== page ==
ETF/No Load Fund Tracker Newsletter For Friday, January 27, 2012
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Friday, January 27, 2012
ETFs END THE WEEK ON AN UNCERTAIN NOTE
In what’s been a bit of an up and down week, the S&P 500 dropped 0.16% today. However, it’s been the 4th straight positive week for the index. With the spate of European downgrade news, European indices saw plenty of red.
Despite continued negativity in the Eurozone, the Euro once more appreciated against the dollar, hitting $1.32/Euro. Nevertheless, investors sought safety in low risk assets as the 10-year Treasury yield fell to 1.90%.
While it’s difficult to point to one indicator to gauge risk, seeing as the VIX has remained low but demand for Treasuries has been high, the outlook for Europe and the U.S. is pessimistic at the moment. To put it succinctly, we are in risk on mode for the long-term.
Today’s lackluster GDP numbers are proof that the U.S. is still a far way off from recovery. GDP growth was 2.8% in the 4th quarter, lower than expected. It is this anemic growth that supports the Fed’s decision to keep rates near zero through 2014, as credit markets have yet to serve as an effective channel to spur growth over the last few years.
Following in line with Standard and Poor’s, Fitch Ratings docked Spain and Italy down two notches. Although borrowing costs for Spain and Italy didn’t rise following the S&P downgrades, we’ll have to see if the investor outlook darkens now that two major ratings agencies have downgraded them.
Already stricken with high yields, Spain is now a caught in a tighter pickle. It needs to reduce its budget deficit through austerity, but with unemployment now at 23%, Spain has to stimulate its economy somehow. Spanish Prime Minister Rajoy is now appealing for laxer Eurozone budget deficit targets. I’m afraid that despite efforts from Merkel and others to impose strict budget standards, the unique circumstances and needs of each Eurozone country will be too much to overcome.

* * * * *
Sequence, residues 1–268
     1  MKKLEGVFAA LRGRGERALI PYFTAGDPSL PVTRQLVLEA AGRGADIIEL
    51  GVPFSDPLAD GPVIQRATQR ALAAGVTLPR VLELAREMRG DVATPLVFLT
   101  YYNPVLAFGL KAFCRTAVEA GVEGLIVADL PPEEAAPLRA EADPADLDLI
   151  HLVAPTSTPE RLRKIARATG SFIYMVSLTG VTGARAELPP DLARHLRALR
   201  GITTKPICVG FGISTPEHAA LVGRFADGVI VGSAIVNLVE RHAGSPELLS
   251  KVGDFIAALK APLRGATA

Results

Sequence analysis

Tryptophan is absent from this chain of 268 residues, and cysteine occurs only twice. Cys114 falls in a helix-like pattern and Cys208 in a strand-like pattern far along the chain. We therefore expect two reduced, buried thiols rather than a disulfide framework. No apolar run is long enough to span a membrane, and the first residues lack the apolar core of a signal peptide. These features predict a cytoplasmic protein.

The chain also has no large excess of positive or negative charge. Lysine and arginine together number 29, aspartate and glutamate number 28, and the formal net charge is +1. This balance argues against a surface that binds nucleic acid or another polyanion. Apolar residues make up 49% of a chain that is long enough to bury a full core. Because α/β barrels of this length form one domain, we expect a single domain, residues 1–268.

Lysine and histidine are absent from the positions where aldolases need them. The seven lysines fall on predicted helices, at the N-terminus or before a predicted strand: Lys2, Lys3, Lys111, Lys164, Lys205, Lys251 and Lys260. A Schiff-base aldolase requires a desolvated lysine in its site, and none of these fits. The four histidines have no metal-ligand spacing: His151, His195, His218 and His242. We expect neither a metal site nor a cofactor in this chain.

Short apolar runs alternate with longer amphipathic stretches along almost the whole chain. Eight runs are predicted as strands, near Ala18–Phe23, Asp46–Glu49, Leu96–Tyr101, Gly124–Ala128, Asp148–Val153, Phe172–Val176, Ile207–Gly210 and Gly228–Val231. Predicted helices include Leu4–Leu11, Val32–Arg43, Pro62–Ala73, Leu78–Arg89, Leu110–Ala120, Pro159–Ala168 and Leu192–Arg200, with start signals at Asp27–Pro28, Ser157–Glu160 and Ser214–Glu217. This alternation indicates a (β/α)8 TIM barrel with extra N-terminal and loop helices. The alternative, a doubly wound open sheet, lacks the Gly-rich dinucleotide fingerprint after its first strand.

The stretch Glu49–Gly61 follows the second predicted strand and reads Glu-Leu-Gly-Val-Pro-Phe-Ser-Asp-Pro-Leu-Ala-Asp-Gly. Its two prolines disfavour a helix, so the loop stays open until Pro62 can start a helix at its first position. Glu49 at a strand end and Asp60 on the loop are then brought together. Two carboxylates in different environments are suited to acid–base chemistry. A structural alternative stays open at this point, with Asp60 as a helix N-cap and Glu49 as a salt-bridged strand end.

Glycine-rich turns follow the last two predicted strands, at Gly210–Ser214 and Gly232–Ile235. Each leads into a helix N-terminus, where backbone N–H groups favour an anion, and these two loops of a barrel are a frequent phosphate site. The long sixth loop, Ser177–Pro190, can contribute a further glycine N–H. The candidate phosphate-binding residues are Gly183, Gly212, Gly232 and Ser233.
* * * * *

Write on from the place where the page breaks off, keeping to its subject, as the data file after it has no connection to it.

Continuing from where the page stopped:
With respect to our Trend Tracking Indexes (TTIs), our Domestic TTI remains above its trend line at +4.27% while the International TTI has inched closer to its trend line at -0.20%. I will be staying out of international ETFs and would only add exposure if there was a confirmed uptrend in progress. Nevertheless, I will post a special update in the blog should an International Buy signal materialize.
A bullish January has lifted markets for sure, but it’s necessary to proceed with caution as we might see a tumultuous February considering developments in Greece. I believe maintaining a solid bond ETF allocation mixed in with a few attractive domestic equity/sector ETF names is the best strategy going forward.
Have a great week.
READER Q & A FOR THE WEEK
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A note from reader GEH:
Q: Ulli: In these turbulent markets your ETF News continues to be a great source of information and guidance.
You clarify your Cutline reports with this comment:
“The second report includes only High Volume ETFs. To clarify, High Volume (HV) ETFs are defined as those with an average daily volume of $10 million or higher.
These ETFs are generated from my selected list of some 93 that I use in my advisor practice. It cuts out the “noise,” which simply means it eliminates those ETFs that I would never buy because of their volume limitations. 33 ETFs (last week 21) have managed to hang on in bullish territory after the recent volatility.”
By this, do you mean that you only buy ETFs that are on the High Volume Cutline Report? And if so why?
Do you use a similar guideline for Mutual Funds?
A: GEH: If you personally invest only smaller amounts of money, you can pretty much choose any ETF that appeals to you. As an investment advisor, I move larger amounts of client’s assets into and out of ETFs, so volume becomes a critical factor to me. It allows me to exit, when our sell stops get triggered, without too much slippage in price.
That’s not an issue with most mutual funds, but I still won’t use any with assets of under $50 million.
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